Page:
June 13, 2017

"Also, can we please keep in mind that not everyone is thrilled with the term 'deadname'?"

"It's the sort of thing that's best to use only once someone has used it themselves, not just willy-nilly. You didn't die when you transitioned."

Yes, what's going on with this metaphorical death? It sounds creepy, and yet, it's widely used in Christianity. You must be born again, etc.

Death and rebirth is also an American political theme, for example "this nation, under God, shall have a new birth of freedom...."

31 comments:

sparrow said...

Christianity is focused on life, and that everlasting: death is highlighted only as a consequence of rejecting Christ. Christ is the "bread of life" and states that God is the God of "the living not the dead". The Christiantity label in reference to death is inaccurate.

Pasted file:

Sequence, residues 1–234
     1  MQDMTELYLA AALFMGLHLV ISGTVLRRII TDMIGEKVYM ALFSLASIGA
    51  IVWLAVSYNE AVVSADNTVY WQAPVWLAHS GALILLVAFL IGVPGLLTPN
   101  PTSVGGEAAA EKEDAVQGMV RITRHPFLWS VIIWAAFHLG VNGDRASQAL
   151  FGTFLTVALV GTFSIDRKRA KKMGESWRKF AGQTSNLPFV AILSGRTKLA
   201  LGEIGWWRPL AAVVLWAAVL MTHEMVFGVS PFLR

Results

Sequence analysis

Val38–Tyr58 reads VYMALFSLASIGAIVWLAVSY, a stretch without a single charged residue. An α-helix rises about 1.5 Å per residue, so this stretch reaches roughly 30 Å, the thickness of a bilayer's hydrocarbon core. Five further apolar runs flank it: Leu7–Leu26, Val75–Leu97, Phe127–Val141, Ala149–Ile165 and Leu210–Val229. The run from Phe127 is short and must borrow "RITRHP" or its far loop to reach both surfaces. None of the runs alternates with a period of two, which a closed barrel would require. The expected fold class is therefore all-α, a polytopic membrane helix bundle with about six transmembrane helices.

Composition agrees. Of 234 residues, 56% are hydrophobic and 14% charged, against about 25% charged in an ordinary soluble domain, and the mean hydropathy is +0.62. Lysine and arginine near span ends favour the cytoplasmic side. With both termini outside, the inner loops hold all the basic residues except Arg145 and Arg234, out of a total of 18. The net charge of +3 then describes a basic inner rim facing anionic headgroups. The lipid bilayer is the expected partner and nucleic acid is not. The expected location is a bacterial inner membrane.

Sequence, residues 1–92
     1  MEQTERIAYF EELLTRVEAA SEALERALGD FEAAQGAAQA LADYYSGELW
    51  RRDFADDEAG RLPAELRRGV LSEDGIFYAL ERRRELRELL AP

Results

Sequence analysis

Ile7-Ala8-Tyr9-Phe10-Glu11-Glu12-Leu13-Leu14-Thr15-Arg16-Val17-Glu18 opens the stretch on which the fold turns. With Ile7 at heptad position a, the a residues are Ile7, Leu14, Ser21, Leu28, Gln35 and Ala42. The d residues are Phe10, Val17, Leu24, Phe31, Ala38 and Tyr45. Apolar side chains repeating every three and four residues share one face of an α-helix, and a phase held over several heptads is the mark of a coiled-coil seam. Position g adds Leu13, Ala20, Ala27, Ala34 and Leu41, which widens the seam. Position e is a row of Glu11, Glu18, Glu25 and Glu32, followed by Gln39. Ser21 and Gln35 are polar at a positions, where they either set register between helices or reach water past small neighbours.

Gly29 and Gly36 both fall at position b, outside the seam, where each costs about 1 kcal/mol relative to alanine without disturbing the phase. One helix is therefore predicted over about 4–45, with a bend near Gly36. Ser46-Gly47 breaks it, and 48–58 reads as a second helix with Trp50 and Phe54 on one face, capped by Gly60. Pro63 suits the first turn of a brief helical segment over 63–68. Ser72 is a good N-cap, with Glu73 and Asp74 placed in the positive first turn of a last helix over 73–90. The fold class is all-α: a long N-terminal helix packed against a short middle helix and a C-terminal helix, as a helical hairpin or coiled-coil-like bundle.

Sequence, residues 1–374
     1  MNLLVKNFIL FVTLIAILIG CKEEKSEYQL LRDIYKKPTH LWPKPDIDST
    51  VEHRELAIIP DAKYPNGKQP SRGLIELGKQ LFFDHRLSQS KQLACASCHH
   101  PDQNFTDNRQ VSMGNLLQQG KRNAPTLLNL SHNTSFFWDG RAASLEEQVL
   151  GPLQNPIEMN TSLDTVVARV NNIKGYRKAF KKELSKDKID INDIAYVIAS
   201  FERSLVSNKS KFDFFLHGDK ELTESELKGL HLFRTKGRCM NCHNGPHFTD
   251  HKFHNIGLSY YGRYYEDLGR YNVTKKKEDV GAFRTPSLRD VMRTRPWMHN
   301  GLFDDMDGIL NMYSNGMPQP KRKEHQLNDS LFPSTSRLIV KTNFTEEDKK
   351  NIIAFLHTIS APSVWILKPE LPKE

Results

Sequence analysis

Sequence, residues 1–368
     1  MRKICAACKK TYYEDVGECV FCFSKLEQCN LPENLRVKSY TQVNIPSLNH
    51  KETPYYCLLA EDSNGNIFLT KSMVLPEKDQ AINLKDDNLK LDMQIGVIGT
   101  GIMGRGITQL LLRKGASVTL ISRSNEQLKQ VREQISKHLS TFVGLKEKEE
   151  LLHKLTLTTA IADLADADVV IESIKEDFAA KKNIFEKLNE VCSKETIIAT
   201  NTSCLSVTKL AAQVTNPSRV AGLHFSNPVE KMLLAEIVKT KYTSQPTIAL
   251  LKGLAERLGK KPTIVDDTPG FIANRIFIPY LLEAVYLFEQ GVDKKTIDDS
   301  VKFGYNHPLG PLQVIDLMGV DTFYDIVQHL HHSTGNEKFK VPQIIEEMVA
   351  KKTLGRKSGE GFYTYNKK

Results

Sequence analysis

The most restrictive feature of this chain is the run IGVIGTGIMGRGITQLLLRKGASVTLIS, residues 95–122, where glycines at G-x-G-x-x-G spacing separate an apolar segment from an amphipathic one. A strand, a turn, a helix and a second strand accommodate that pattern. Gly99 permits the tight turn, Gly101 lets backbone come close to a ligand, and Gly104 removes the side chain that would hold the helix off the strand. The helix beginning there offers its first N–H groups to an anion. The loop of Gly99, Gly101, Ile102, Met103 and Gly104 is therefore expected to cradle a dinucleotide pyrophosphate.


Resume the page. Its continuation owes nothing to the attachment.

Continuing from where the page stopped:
rhhardin said...

Death signifies change in general.

BDNYC said...

It's clear those commenters support Manning's commutation on the basis of her transgenderism. I think it's disgusting how they celebrate her freedom and her transition, as if her crime was just some pesky thing that happened that had to be resolved and put away. Manning could be gay, straight, black, white, male, female, trans, queer, or anything else, and it wouldn't change what he did. I can buy that she was confused and angry by what she saw, and those feelings were magnified somehow by her gender identity struggle. So what? Is that sort of thing an excuse for everything? Does it mitigate the seriousness of everything wrong that she does?